Plastic injection moulding is the world’s most commonly used method for parts production, thanks to its ability to create large volumes of the same object. How did this method of production come into being, and what did it do to change the manufacturing industry?
It was 1847 when Jöns Jacob Berzelius produced the world’s first polymer, named “polyester”, using glycerin and tartaric acid. Following in his footsteps in 1861, Alexander Parkes invented the world’s first commercial plastic, which he proudly named “parkesine”. This material was derived from cellulose, could be heated and moulded, and would retain its shape once cooled. However, it was prone to cracking and was highly flammable.
Improving further on Berzelius’ and Parkes’ innovations, John Wesley Hyatt invented a material that he called “celluloid” in 1868. This material could be processed into finished form with less likelihood of cracking or becoming misshapen.
The first injection moulding machine
Together with his brother Isaiah, John Wesley Hyatt patented the first ever injection moulding machine in 1872. This machine was much simpler than today’s machines. Working something like a hypodermic needle, it used a plunger to push plastic material through a heated cylinder, where it melted, and into a mould, where it cooled and hardened into the finished product.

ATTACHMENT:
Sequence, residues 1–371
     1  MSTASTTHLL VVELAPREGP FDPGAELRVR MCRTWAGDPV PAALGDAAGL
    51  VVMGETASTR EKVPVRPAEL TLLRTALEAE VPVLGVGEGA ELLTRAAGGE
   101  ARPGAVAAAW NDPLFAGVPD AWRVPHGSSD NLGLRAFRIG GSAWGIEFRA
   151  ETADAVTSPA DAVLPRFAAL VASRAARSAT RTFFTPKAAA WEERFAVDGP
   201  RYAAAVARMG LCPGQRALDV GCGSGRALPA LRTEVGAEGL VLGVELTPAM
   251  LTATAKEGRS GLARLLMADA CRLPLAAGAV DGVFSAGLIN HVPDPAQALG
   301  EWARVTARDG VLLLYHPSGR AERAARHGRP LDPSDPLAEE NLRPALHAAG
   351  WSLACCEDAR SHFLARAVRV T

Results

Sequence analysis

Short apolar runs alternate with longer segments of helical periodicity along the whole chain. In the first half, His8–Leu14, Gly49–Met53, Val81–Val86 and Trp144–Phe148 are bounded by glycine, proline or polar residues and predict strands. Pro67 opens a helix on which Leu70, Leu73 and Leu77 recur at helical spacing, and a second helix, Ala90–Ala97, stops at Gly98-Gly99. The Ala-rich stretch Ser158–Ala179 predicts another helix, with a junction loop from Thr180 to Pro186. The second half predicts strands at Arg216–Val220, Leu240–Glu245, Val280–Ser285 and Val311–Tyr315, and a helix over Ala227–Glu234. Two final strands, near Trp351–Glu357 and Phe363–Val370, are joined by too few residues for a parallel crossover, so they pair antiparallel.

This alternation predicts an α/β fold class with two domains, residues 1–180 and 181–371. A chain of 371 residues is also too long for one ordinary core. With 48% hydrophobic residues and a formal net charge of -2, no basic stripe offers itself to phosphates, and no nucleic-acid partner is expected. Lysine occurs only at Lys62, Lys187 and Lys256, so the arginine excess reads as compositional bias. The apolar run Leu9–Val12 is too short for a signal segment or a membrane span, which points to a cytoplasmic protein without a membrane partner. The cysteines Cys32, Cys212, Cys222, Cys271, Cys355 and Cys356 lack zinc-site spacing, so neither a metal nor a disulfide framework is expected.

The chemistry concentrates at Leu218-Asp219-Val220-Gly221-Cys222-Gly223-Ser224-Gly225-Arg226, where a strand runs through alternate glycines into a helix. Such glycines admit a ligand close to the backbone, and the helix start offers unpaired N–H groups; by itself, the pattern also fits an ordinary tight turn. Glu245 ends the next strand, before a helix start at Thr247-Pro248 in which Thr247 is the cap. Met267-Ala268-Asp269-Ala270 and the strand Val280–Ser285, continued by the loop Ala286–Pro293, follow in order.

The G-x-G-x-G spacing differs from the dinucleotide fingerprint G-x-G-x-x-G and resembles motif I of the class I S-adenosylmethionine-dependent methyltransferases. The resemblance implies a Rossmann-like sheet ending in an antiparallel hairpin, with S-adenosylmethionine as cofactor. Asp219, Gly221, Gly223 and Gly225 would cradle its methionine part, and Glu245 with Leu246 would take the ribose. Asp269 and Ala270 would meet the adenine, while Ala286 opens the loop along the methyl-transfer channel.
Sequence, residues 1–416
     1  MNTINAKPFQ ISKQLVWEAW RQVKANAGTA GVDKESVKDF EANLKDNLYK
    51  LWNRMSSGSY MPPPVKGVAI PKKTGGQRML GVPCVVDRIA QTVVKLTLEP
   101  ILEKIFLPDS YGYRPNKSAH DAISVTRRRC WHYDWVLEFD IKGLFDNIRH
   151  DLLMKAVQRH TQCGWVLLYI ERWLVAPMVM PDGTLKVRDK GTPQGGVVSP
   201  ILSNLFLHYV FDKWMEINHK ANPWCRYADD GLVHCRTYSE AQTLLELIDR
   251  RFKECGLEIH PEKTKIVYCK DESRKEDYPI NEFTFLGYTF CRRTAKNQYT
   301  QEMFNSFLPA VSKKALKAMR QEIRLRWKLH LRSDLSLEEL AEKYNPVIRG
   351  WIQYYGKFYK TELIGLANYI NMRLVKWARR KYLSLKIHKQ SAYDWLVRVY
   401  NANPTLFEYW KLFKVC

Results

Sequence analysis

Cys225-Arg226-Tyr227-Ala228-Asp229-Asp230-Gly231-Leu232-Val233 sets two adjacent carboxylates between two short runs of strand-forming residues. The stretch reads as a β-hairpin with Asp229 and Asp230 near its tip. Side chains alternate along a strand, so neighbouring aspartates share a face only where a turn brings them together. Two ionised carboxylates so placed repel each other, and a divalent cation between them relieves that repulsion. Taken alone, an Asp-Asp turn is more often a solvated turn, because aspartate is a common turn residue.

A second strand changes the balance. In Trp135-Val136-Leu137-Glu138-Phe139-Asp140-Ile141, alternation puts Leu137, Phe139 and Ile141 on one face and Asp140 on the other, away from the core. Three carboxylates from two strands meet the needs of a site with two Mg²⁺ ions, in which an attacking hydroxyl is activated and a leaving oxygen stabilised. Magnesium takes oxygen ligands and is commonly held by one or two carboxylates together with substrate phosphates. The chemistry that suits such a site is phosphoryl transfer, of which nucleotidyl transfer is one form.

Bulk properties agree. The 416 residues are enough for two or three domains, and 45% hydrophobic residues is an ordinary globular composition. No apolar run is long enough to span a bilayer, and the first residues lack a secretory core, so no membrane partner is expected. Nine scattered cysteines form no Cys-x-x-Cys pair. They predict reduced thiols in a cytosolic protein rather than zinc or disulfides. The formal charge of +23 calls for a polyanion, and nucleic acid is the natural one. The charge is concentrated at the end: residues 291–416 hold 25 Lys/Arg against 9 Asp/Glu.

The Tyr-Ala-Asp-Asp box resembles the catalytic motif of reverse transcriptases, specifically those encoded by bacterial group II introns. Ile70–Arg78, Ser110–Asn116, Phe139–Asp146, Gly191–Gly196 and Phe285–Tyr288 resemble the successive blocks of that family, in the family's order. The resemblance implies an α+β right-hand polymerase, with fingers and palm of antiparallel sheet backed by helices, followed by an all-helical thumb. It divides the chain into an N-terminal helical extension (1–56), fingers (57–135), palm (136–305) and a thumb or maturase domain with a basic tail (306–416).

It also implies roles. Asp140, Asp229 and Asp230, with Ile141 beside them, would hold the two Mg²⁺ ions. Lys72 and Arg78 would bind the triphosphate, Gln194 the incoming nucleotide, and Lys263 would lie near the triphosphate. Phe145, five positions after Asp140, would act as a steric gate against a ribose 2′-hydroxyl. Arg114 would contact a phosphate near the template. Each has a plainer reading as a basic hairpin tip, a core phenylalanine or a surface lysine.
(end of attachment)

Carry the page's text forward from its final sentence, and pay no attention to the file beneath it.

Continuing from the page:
Invention of the first screw-type injection moulding machine
The injection moulding industry continued using plastic injection as the Wyatt’s had envisioned it, creating only a few products, such as hair combs, buttons, collar stays and novelty items. It wasn’t until the 1940s and World War II that the industry really took off. With the war and during the years that followed, demand for cheaply produced, repeatable items grew enormously.
In 1946, James Watson invented the first screw-type injection machine, much like the machines we still use today. This machine provided increased control over the speed of injection and so over the end quality of the items produced.
Thanks to Watson’s innovations, the plastic injection moulding industry went from creating a few novelty items to becoming one of the most ubiquitous methods of manufacturing in the world. It’s now used used in industries such as automobile manufacturing, aerospace, plumbing, construction, packaging and more. Thanks to plastic injection moulding, most of the things we own are available more readily and at a lower cost than they would be otherwise.
Today it’s hard to imagine life without plastic injection moulding, which is used to manufacture computer cases and parts, telephones, cell phones, light fittings, ceiling fans, printers and just about everything else!